Discounts – Some carriers offer discounts for various things and in by various qualifications.  For example, a common discount is a Household Discount (HHD).  Some HHDs will lower the premium by 5%, other carriers offer a HHD which lowers the premiums by 12%.  Some carriers offer the HHD to anyone applying who lives with any adult, spouse or not.  Other carriers only offer a HHD to an applicant who lives with a spouse.  Other discounts are available too, such as discounts for paying the premium annually or by automatic bank draft. 

Agent access – Not all agents will have access to all carriers.  Some carriers hire “Captive” agents who are only allowed to represent that carrier, and other carriers don’t contract with independent agents at all.   Moreover, some agents tend to concentrate most of their business with one or two carriers rather than work with several carriers; frankly, it’s easier.   So, your carrier choice may be limited by what agent you choose to work with.    


I am only speculating here, but I believe that people who choose to buy a Medigap Plan G do so based on the following pros and cons analysis: 


  • No networks.  I can go to any doctor, provider, or hospital anywhere in the USA, so long as they accept original Medicare.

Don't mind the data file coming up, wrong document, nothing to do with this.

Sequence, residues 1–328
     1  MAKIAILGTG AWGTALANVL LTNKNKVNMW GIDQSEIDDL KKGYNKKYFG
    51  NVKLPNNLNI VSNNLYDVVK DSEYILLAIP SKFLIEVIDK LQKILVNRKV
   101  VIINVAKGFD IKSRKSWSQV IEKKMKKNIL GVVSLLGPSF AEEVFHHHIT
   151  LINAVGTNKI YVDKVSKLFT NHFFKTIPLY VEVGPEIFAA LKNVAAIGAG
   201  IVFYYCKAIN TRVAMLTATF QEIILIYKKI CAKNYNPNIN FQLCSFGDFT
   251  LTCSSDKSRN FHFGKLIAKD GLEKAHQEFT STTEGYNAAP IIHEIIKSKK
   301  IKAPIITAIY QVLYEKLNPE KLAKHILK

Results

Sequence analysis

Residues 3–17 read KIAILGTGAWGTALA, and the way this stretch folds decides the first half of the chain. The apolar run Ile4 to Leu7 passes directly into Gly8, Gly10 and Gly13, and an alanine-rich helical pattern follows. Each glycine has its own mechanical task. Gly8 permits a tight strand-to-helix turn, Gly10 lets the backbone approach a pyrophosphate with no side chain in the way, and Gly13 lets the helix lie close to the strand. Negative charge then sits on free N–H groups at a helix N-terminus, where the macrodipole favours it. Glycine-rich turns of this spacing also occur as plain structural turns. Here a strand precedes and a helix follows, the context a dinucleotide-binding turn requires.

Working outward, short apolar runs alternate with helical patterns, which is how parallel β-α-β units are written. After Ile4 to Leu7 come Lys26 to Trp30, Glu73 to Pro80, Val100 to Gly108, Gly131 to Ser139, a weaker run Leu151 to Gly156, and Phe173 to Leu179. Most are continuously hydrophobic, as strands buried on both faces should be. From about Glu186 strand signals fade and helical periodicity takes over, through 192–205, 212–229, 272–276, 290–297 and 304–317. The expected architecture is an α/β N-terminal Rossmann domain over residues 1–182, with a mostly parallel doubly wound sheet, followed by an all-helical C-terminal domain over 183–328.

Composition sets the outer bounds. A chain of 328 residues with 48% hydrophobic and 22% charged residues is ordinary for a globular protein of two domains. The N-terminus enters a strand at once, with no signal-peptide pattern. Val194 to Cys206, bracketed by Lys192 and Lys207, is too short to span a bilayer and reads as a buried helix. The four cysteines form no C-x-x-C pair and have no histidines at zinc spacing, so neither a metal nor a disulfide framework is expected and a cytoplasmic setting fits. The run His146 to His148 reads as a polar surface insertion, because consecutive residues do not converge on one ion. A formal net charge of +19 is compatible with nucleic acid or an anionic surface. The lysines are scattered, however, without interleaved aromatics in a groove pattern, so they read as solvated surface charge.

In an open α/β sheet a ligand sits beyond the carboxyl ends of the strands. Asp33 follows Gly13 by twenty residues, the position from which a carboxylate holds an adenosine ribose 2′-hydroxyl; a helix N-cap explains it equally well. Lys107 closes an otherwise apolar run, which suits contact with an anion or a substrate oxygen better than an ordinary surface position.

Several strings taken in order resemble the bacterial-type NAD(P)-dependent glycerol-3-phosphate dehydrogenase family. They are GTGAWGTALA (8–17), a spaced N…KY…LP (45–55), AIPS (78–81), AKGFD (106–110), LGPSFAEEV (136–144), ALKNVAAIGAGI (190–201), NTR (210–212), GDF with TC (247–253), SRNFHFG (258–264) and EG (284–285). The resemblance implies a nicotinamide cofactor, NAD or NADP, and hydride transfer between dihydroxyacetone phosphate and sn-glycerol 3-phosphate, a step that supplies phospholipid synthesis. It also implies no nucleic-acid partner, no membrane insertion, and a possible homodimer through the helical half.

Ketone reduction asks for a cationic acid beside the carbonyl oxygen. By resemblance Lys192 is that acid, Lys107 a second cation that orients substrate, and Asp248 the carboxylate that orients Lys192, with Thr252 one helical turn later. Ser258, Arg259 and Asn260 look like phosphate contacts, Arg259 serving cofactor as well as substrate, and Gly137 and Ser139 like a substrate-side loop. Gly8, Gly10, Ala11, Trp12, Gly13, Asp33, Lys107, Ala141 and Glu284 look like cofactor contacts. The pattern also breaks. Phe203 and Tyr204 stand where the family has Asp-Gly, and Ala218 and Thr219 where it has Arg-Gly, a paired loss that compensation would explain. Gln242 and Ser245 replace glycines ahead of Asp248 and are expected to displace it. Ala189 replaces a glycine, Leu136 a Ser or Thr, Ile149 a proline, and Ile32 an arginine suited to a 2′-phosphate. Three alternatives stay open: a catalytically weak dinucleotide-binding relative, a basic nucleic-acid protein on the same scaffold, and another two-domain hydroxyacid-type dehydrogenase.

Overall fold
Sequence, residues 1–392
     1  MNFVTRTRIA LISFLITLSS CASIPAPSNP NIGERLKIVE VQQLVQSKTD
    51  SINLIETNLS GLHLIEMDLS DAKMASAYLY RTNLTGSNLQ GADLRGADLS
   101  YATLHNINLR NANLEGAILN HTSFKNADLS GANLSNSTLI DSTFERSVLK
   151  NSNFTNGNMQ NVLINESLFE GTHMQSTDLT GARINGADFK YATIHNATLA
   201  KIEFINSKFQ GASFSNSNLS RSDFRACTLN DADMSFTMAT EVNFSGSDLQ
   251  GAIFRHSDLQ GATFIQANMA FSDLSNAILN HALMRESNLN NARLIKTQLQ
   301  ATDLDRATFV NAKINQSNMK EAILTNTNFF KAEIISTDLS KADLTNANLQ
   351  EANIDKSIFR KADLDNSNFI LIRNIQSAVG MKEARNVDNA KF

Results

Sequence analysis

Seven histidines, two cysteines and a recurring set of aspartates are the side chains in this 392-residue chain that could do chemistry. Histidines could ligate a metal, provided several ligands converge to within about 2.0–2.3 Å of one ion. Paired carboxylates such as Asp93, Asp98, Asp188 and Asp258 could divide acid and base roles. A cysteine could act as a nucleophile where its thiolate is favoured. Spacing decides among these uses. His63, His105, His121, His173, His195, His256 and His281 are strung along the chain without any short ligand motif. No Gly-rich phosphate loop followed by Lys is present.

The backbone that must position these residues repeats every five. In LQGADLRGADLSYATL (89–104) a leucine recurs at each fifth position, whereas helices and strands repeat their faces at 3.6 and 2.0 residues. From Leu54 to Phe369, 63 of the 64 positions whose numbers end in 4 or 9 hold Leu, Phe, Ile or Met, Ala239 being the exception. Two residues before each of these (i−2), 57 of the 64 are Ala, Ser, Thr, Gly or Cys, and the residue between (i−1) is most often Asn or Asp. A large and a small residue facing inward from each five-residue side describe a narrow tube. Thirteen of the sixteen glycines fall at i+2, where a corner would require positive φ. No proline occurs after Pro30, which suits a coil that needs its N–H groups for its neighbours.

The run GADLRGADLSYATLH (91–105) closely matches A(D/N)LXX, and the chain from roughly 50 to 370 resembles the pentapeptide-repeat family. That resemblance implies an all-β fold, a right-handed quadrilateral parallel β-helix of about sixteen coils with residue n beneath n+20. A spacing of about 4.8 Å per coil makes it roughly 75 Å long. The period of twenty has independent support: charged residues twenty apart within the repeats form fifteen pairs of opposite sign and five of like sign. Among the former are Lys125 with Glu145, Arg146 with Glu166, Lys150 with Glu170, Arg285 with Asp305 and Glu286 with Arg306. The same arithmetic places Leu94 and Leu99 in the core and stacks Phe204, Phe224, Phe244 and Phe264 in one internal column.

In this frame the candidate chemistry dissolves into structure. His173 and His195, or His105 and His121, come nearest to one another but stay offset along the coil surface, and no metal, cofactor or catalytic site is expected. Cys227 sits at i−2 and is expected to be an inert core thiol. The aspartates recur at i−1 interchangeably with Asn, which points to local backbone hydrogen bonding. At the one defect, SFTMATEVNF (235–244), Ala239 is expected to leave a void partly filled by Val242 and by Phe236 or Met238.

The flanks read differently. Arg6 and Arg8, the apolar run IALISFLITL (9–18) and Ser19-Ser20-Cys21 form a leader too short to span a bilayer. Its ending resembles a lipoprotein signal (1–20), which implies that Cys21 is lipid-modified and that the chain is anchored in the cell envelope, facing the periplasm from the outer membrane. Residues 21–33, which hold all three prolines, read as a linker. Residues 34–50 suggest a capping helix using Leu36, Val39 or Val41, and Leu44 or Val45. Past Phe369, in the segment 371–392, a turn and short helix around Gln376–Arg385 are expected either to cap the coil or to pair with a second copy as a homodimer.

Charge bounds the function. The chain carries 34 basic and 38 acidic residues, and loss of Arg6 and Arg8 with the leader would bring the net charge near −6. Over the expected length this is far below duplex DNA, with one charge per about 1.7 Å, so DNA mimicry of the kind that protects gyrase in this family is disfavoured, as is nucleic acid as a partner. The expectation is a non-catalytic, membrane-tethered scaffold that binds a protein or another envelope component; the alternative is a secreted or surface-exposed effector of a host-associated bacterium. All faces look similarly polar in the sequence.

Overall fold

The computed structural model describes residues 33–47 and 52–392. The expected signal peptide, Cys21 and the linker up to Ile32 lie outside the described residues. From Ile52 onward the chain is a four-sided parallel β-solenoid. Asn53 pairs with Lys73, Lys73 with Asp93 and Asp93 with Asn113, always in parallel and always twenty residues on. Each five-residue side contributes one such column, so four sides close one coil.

• Only one small out-of-pocket expense – that is, the Part B deductible which is $240 in 2024.  This means, whether I am admitted in the hospital for 2 months, have 5 outpatient surgeries, or have 9 months of therapy – the only thing I need to pay other than my premiums (for Medicare approved services) is a small annual deductible.  Note: The Part B deductible is set by Congress each year, not an insurance company.    
  • Reasonable premium compared to other Plan types.  With Plan G, I can get more benefits for not too much more premium compared to other Plan types. 
  • Simplicity.  I don’t have to mess with claim paperwork or reimbursements or keep track of Maximum Out-of-Pocket expense levels. 


  • An additional card to keep track of and another Insurance policy to file away. 
  • An additional premium to pay besides what I pay for Medicare Part B and Part D.  This premium amount increases over time, possibly each year. 


Additional thoughts and facts about Medigap 

Insurance Carriers are not created equal, and they don’t run their businesses in the same way.  However, before any carrier can raise rates based on claims, they must seek approval from the Departments of Insurance in each state they want an increase.  The carriers must prove to the DOI that rate increases are necessary to maintain solvency. 

Medigap policies are replaceable when lower premiums can be found for the exact same coverage from a different carrier.  However, health underwriting is usually required.  At some point in one’s life before death, usually a line of UN-insurability is crossed.  This is the point where insurance carriers no longer want your money because the risk of claims is too high. Rest assured, that so long as you pay your premiums, the carrier cannot drop you or deny your claims, but replacing your current coverage for a cheaper policy in not likely to happen once you are uninsurable.